France has detected the first cases of low pathogenic H5N3 bird flu and found more cases of highly infectious strains in an outbreak of the disease in the southwest of the country.
Three cases of H5N3 bird flu were found at three different farms in the southwest, the French agriculture ministry said in a report posted by the World Organisation for Animal Health (OIE) on Wednesday.
The French farm ministry said the strain found in two farms in the Landes department and one in the Pyrenees-Atlantiques were found in a nationwide surveillance campaign following other outbreaks in the region.
"There is no risk for human health and no impact on our management of the crisis," a ministry official said.
France, the European Union's largest agricultural producer, has been facing cases of bird flu since late last month involving three highly pathogenic strains - H5N1, H5N2 and H5N9.
The number of cases of highly pathogenic bird flu has now increased to 30, compared with 15 known cases as of Monday, the farm ministry said in an update on its website.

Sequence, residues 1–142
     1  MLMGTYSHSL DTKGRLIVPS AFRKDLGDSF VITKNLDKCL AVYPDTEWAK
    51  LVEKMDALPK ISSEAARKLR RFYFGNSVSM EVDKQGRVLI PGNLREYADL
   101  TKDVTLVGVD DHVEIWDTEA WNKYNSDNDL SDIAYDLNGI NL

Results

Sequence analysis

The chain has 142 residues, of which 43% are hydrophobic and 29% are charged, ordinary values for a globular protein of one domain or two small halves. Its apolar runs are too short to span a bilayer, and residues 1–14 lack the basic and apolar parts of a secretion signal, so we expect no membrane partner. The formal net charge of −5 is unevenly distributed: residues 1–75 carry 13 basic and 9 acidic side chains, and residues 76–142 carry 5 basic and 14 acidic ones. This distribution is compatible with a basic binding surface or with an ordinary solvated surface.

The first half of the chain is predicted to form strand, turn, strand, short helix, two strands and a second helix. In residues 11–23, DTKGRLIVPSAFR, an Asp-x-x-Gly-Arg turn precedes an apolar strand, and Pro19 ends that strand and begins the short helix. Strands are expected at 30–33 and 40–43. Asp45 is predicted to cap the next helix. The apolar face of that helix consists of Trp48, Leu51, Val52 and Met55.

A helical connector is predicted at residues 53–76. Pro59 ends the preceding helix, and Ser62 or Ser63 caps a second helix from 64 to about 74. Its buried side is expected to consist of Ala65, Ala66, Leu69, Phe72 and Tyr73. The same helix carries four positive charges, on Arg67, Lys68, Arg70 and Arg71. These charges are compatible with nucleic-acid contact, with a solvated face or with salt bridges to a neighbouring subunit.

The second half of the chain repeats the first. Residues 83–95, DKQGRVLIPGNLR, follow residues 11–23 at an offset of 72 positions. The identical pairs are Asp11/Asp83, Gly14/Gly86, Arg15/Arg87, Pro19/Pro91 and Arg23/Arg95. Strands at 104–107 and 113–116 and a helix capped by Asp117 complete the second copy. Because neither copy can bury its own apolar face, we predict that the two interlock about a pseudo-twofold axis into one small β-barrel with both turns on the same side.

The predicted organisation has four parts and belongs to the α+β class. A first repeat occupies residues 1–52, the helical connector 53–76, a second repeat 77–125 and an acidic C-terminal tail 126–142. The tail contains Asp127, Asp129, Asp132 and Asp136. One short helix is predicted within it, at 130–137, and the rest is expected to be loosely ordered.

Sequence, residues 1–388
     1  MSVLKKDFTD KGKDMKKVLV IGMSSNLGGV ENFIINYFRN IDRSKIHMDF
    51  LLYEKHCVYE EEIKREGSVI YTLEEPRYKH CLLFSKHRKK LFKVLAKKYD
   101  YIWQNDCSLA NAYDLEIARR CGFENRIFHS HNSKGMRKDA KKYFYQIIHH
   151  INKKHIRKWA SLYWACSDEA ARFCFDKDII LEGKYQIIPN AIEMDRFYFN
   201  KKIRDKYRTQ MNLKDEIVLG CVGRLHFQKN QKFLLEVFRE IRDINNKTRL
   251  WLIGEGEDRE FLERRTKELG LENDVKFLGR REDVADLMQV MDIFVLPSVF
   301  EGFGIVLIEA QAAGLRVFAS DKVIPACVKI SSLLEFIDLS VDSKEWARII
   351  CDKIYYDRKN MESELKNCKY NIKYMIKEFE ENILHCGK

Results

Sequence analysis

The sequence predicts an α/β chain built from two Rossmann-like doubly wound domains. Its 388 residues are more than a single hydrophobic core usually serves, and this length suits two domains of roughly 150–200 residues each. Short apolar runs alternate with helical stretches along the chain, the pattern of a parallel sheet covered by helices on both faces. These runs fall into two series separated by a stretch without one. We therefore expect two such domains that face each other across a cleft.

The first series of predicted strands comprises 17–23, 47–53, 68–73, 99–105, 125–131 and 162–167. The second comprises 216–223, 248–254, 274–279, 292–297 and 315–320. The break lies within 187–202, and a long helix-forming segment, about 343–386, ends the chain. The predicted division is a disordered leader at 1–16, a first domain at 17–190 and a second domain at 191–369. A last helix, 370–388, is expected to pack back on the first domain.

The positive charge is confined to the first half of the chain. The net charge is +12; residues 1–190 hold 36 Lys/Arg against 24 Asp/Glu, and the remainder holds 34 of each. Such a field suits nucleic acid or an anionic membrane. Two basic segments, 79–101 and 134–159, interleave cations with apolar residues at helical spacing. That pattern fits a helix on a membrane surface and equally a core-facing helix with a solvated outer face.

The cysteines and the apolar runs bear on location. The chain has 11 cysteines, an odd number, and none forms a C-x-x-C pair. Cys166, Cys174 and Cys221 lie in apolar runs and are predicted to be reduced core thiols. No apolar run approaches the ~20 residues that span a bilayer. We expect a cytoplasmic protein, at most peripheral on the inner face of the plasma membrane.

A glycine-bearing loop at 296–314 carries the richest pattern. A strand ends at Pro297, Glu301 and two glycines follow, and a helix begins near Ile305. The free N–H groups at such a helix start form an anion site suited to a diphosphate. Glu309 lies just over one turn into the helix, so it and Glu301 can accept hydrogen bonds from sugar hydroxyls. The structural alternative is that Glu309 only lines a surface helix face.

The emergence of three different highly pathogenic strains in such a short time is unprecedented, the OIE said last week, adding that one hypothesis was that low pathogenic strains had evolved into high pathogenic ones.
The French farm minister said on Monday these strains had no risk of spreading to humans and that the virus cannot be transmitted through food, encouraging people to eat foie gras, produced mostly in the affected regions, over the year-end holiday season.
France is nonetheless facing restrictions on its exports of live birds and poultry products from several countries, including top foie gras customer Japan.